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It is the widely accepted version of the story of the birth of Christ, with passages in both the gospels of Matthew and Luke referring to Jesus being born there.
Christians still flock to the Church of the Nativity in Bethlehem to see the birthplace of Christ in the city in the West Bank, six miles south of Jerusalem.
According to Matthew in the New Testament, Joseph and Mary were living in Bethlehem at the time of Jesus’ birth, later moving to Nazareth in northern Galilee.
Apostle Luke wrote independently that the couple travelled more than 90 miles from their home they already had in Nazareth to Joseph’s Judean hometown of Bethlehem in order to be counted in a Roman census.
Despite the variance, both accounts agree Jesus was born in Bethlehem in Judea.
Bethlehem? But which one was Jesus born in?
This was the city where King David was born a thousand years before, and it meant Jesus could be seen as a descendant of the House of David, one of the then requirements of followers of the Judeo-Christian religion.
However, there have been Biblical scholars who have since questioned if Jesus may have been born somewhere else.
Megan Sauter wrote on Biblicalarchaeology.org: “If Jesus was indeed born in Bethlehem, why is he called a Nazorean and a Galilean throughout the New Testament, and why is Bethlehem not mentioned as Jesus’ birthplace outside of the infancy narratives in the Gospels?
“This has caused some to wonder if Jesus was actually born in Nazareth.
If Jesus was indeed born in Bethlehem, why is he called a Nazorean and a Galilean throughout the New Testament, and why is Bethlehem not mentioned as Jesus’ birthplace outside of the infancy narratives in the Gospels?
“So if Jesus was born in Bethlehem, as the Gospels of Matthew and Luke attest, why was he called a Nazorean?”
The debate has in fact, rumbled on for a number of years, with claims that Jesus may have actually been born in another Bethlehem 100 miles north in Galilee.
Archaeologist Aviram Oshri from the Israeli Antiquities Authority became convinced this was the true Bethlehem where Jesus was born after studying the matter since the early 1990s.
He said the database of the Israel Antiquities Authority (IAA) has a complete absence of information for antiquities from the Herodian period (when Jesus was born) for Bethlehem in Judea.
He said: “I was contracted to perform some salvage excavations around building and infrastructure projects in a small rural community in the Galilee.
“When I started work, some of the people who lived around the site told me how Jesus was really born there, not in the south.
“Intrigued, I researched the archaeological evidence for Bethlehem in Judea at the time of Jesus and found nothing.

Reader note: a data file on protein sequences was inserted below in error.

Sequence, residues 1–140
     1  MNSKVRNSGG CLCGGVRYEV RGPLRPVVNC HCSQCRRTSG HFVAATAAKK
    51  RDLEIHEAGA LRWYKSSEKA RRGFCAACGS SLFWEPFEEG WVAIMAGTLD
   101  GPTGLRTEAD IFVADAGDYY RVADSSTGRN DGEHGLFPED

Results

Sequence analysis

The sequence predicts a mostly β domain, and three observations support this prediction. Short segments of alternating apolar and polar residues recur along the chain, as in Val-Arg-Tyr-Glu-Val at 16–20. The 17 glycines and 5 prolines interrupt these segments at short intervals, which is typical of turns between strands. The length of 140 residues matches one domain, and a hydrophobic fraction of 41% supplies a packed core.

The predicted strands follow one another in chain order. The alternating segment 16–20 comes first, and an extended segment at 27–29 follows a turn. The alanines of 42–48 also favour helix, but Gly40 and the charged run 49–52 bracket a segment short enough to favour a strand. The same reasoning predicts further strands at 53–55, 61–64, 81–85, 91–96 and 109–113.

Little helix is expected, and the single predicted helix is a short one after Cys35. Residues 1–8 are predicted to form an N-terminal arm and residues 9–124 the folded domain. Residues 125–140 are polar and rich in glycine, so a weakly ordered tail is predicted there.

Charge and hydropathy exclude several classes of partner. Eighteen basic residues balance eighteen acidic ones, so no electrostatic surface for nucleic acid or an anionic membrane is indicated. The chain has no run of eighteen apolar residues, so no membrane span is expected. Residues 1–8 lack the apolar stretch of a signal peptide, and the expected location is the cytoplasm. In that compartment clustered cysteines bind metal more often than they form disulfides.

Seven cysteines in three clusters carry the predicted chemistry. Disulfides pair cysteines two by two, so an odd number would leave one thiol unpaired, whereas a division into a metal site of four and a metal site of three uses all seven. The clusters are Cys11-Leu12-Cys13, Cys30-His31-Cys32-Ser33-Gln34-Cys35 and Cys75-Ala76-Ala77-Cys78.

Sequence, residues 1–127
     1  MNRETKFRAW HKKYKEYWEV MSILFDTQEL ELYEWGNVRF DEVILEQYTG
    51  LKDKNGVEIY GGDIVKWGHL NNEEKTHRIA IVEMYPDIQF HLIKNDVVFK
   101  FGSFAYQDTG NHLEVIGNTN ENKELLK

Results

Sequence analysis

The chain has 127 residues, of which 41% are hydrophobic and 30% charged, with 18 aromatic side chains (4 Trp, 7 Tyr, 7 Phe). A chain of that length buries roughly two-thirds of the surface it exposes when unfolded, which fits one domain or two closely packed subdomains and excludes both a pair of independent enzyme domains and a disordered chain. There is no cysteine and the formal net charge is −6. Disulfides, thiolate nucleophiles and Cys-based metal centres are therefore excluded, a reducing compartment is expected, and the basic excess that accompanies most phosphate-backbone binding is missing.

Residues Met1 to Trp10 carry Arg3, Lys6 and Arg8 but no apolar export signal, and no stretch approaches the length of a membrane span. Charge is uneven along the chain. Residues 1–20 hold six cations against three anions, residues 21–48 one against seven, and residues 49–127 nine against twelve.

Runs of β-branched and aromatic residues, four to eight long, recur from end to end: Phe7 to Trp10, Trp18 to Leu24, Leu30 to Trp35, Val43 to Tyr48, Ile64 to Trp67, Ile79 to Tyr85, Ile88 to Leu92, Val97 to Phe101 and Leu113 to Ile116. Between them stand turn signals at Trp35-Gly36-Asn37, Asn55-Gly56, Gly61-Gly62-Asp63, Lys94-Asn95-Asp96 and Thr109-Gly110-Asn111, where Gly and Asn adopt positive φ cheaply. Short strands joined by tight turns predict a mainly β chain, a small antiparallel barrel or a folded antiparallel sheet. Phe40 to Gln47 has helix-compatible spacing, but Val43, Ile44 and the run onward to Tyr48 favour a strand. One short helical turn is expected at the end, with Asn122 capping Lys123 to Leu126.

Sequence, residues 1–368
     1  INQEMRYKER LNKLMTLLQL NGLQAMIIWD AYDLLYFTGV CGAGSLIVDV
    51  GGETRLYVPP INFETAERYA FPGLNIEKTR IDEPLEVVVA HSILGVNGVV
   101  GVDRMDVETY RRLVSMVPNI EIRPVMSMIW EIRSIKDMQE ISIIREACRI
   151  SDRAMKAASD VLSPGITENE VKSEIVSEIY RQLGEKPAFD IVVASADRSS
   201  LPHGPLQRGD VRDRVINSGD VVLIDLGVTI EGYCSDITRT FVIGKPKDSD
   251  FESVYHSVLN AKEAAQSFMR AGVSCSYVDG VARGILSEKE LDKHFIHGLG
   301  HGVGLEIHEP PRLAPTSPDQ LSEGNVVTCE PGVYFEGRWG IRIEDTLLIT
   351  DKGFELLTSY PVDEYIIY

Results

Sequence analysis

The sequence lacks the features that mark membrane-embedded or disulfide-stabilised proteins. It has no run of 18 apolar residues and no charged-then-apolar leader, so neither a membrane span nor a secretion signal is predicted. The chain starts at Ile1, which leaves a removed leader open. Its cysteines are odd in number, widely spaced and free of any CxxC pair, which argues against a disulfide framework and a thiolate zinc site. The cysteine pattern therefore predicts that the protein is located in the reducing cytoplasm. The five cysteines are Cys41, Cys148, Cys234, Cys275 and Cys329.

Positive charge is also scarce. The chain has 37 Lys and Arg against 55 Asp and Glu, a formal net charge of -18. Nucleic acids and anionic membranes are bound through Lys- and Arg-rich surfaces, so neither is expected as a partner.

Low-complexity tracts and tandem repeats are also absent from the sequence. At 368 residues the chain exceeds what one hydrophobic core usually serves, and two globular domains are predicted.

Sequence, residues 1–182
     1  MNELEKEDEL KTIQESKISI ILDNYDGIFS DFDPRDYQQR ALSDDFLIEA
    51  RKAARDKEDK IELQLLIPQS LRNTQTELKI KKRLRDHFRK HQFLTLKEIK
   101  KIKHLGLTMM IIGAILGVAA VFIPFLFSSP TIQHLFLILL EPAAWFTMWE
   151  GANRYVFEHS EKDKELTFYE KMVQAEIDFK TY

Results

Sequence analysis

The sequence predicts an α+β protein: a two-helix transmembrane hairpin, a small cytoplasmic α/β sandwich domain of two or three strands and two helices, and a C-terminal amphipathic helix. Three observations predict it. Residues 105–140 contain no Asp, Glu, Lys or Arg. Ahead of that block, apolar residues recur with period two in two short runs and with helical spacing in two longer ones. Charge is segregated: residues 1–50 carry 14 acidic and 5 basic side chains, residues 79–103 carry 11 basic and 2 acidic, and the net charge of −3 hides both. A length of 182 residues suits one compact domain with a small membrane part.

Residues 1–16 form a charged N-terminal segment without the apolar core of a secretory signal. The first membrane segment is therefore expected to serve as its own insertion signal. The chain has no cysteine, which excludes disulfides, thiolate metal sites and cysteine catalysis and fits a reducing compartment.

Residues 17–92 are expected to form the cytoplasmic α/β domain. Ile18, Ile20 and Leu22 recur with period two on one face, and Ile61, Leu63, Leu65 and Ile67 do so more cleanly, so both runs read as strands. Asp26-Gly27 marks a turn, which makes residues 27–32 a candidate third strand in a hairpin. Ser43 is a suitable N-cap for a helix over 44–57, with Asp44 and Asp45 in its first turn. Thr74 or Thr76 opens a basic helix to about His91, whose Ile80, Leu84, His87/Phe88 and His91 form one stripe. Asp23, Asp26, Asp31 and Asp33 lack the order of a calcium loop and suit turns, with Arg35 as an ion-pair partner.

“This was very surprising, as Herodian remains should be the first thing one should find.”
He is now convinced Jesus was born in the lesser known Bethlehem just eight miles from Nazareth.
Dr Oshri argues the couple could have reached the smaller Bethlehem in three hours, but the trek to Judea through the desert would have take two days of continuous donkey travel, something Mary “could not have managed at nine months pregnant”.
He has claimed archaeological records for the northern Bethlehem match descriptions in the Bible, whereas, the same has not been found in the southern namesake.
Dr Oshri said there was a fortified wall around the Biblical Bethlehem, and no such remains have been found in the West Bank, however there are similar remains in Galilee.
He was not alone in this theory that Jesus was not born on the West Bank.
The late US Biblical scholar Marcus Borg, who died in 2015, who penned the book ‘Meeting Jesus for the First Time’ believed Christ was born in Nazareth, because he was known as Jesus of Nazareth.
Despite the debate, most scholars are content with the original theory that Mary and Jospeh did travel to Bethlehem in Judea to register in the census, and Jesus was born there.
Many say there is no evidence he was born in Nazareth or its nearby Bethlehem.
Phillip J King wrote in the November/December 2014 issue of the Biblical Archaeological Review: “According to the Gospels, Jesus was born in Bethlehem but lived in Nazareth.
“While there has been a lot of scholarly discussion about whether or not he was actually born in Bethlehem,a both places are useful for teaching about the historical Jesus—regardless of any perceived conflict—and inspire us to take a deeper look at how Jesus was influenced by his environment.”
He said the issue to be discussed was the birthplace of Jesus.
He added: “It seems clear from the infancy narratives in the Gospels that Bethlehem (in Judea) was the place of Jesus’ birth.”
He pointed to Matthew 2:1–2 which states: “In the time of King Herod, after Jesus was born in Bethlehem of Judea, wise men from the East came to Jerusalem, asking, ‘Where is the child who has been born king of the Jews?’”
And, Luke 2:4–7, which states: “Joseph also went from the town of Nazareth in Galilee to Judea, to the city of David called Bethlehem… He went to be registered with Mary, to whom he was engaged and who was expecting a child. While they were there, the time came for her to deliver her child. And she gave birth to her firstborn son.”
He concluded: “The infancy narratives in the Gospels give no indication that Jesus was born elsewhere.”